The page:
|Born||26 March 1758|
|Died||4 June 1834|
|Alma mater||Harrow School|
|Known for||Quarry Bank Mill, Styal, Cheshire|
Samuel Greg (26 March 1758 – 4 June 1834) was an Irish-born industrialist and entrepreneur of the early Industrial Revolution and a pioneer of the factory system. He built Quarry Bank Mill, which at his retirement was the largest textile mill in the country. He and his wife Hannah Greg assumed welfare responsibilities for their employees, many of whom were children, building a model village alongside the factory. At the same time, Greg inherited and operated a slave plantation in the West Indies.
Atlantic-trading Belfast family
Greg was born in Belfast, Ireland, the second son, and one of thirteen children, born to Elizabeth (Hyde) (1721-1780) and Thomas Greg of Belfast (1718 – 1796). With his business partner and brother-in-law, Waddell Cunningham, Thomas Greg commanded one of the greatest mercantile fortunes in Ireland.
The son of a Scottish blacksmith, in the 1740s Thomas Greg bought a small ship which carried salted provisions, linen and butter to the West Indies and returned with flaxseed. Dealings in New York brought him into contact and partnership with Waddell Cunningham, another Belfast Presbyterian. By 1775 Greg and Cunningham was one of the largest shipping companies in the New York, having benefitted from the rise in the prices of provisions during the Seven Years’ War, license to attack enemy and plunder enemy vessels, and the opportunity to smuggle to the embargoed French colonies. After the war, Greg and Cunningham set up a sugar plantation on Dominica called "Belfast" for which Thomas Greg's brother John, already established on the island, supplied slaves.
At home, as Belfast’s richest merchants, the partners played a leading role in improving the town’s port and commercial infrastructure, including construction of the White Linen Hall which attracted the linen trade from the north of Ireland that had formerly gone through Dublin.
At the age of eight, Samuel Greg was sent to live with his maternal uncle, Robert Hyde, at Ardwick Hall, Manchester, in the heart of England. His uncles, Robert and Nathaniel, were linen merchants and, after completing his education at Harrow School, near London, Samuel joined their business in 1778.
Marriage to Hannah Lightbody
In 1789 Greg married Hannah Lightbody (1766–1828), the daughter of a wealthy Liverpool merchant. At Cross Street Chapel, Hannah introduced Samuel (raised Presbyterian) to Unitarians, a latitudinarian faith indulgent of "rational dissent". The new church was also his introduction to an influential network of Manchester and Liverpool trading and banking families. Greg was active as a member of the Manchester Literary and Philosophical Society.
Hannah had completed her education at a Unitarian academy at Stoke Newington outside London, where she live with her cousin Thomas Rogers, a close friend and an immediate neighbour to Richard Price. Richard Price was the "non-conforming minister of eminence" that Edmund Burke pilloried in his Reflections on the Revolution in France (1790) as the leading light of a circle of "literary caballers and intriguing philosophers" naïve and seditious in their embrace of the French revolutionary doctrine. It was in this same circle that Samuel's older sister Jane Greg moved, associating with John Horne Tooke of the London Corresponding Society (arrested, but acquitted, in 1794 of high treason) and Irish radical Roger O'Connor. Although the extent of her activities are unclear, in suppressing the Society of United Irishmen in advance of their rising in 1798, the British commander, General Lake, described Jane Greg as "the most violent creature possible" and as someone who had caused "very great [political] mischief" in her native Belfast.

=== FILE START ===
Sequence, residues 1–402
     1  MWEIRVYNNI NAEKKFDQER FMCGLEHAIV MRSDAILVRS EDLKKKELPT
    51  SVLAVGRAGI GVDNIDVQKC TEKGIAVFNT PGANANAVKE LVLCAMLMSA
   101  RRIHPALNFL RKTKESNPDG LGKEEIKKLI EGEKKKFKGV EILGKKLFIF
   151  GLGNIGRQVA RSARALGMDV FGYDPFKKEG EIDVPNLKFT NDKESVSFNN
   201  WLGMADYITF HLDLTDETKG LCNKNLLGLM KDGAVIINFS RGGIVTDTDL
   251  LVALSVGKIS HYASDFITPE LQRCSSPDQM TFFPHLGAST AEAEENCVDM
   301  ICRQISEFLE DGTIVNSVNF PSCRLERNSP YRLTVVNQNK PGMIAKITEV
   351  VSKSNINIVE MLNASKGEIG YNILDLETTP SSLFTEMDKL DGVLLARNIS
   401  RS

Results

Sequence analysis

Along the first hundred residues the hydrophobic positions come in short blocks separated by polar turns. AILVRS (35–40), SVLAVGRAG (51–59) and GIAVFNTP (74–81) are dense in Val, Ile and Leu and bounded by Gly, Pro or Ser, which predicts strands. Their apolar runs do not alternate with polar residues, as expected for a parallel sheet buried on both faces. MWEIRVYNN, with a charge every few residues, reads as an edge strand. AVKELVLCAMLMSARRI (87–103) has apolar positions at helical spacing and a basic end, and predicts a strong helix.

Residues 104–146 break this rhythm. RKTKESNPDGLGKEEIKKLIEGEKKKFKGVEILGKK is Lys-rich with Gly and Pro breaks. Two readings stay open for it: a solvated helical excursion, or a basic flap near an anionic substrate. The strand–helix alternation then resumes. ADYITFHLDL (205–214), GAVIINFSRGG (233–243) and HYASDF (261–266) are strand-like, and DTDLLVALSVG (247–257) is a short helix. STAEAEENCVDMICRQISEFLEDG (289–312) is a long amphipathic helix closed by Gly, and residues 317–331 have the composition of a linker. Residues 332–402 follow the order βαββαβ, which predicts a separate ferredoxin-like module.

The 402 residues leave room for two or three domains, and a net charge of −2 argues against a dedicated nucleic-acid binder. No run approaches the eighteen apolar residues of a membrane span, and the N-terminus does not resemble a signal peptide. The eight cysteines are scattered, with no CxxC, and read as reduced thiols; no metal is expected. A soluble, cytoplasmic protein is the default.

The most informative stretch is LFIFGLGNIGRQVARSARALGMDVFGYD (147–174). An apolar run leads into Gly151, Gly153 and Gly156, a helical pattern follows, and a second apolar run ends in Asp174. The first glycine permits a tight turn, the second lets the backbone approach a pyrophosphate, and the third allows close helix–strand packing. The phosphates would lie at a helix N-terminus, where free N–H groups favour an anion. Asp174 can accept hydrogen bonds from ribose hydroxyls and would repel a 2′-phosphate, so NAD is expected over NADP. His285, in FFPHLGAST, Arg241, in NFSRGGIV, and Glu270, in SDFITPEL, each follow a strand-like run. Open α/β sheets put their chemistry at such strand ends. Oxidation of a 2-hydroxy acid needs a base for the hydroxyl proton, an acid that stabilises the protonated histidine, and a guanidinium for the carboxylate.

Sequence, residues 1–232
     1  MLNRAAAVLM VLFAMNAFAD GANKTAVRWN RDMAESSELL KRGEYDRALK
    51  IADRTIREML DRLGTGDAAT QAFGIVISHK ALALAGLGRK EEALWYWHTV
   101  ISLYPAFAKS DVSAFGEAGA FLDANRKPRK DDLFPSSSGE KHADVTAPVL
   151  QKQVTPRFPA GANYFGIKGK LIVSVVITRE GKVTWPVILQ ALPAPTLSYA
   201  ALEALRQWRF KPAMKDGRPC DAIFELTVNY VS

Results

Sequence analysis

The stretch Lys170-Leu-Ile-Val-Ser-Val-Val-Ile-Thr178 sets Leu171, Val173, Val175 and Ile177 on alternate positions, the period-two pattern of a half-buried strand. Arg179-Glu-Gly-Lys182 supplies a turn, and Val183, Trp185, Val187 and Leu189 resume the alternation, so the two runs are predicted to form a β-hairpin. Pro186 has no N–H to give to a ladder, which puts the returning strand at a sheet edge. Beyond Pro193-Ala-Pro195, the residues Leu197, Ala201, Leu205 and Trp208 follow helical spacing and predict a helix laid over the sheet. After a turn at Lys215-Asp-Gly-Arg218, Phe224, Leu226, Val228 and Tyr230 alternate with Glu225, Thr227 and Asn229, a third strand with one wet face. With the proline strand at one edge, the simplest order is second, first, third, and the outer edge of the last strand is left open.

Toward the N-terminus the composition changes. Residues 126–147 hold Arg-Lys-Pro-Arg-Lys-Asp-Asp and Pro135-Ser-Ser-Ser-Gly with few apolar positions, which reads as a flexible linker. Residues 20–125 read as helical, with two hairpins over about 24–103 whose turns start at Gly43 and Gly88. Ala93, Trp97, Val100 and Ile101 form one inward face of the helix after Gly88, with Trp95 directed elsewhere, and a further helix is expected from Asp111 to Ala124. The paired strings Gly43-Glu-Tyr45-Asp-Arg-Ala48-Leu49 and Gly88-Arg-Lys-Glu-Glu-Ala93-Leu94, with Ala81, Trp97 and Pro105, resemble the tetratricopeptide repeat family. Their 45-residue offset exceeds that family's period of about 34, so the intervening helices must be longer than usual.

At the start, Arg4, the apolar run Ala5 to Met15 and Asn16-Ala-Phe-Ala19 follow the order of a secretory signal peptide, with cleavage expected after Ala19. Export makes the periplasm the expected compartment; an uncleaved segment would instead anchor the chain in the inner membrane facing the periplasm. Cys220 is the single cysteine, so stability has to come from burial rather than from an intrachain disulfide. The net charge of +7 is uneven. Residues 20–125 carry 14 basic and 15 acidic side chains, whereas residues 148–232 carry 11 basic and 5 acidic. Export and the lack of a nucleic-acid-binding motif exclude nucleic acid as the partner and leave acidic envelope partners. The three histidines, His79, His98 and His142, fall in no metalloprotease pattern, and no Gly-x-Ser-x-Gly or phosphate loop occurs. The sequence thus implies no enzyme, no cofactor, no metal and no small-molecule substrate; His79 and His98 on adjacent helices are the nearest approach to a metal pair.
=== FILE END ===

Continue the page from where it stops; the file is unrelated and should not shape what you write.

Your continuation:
Hannah's religious and social views are credited with influencing Samuel's approach to the workers' welfare.
A former director of the Quarry Bank Mill, and author of a book about Hannah Greg, provided this summary of her philosophy and work.
She was liberal and compassionate by nature, and all her friends were active campaigners to stop the slave trade and to move forward the emancipation of the slaves in the West Indies and America ... In reality, Hannah Greg did not say anything publicly about this because, apart from anything else, Samuel Greg inherited slave plantations. She couldn’t be a public hypocrite so she kept quiet.
With the death of Robert Hyde in 1782, Greg took over his uncle's interests in Manchester. Convinced of the prospects for mechanised textile production and the latest developments in water and steam power, Greg invested his wife's £10,000 dowry in building the Quarry Bank Mill in Styal on the bank of the River Bollin in Cheshire. The difficulty, in the rural setting, was labour. Hannah Greg's influence has been seen in what might otherwise be seen as a hard-headed, if unusual, decision to invest in improved conditions so as to make the new and regimented mill work attractive. In Styal Greg developed what came to be considered a "model village". Each family (average of eight people per family) had a cottage built offering a parlour, a kitchen, two bedrooms, a cistern, a backyard and a good-sized vegetable garden.
This alone was not sufficient: from 1790 operations were relying upon children--half the workforce. Factory owners, like Greg, were paid between £2 and £4 for each workhouse child they employed. The children, housed in an Apprentice House, received their board and lodging, and two pence a week. The younger children worked as scavengers and piecers, but after a couple of years at Styal they were allowed to become involved in spinning and carding. Some of the more older boys became skilled mechanics. The arrangement was still operating in 1835 when Andrew Ure observed "at a little distance from the factory, on a sunny bank, stands a handsome house, two stories high, built for the accommodation of the female apprentices. They are well fed, clothed and educated. The apprentices have milk-porridge for breakfast, potatoes and bacon for dinner, and meat on Sundays".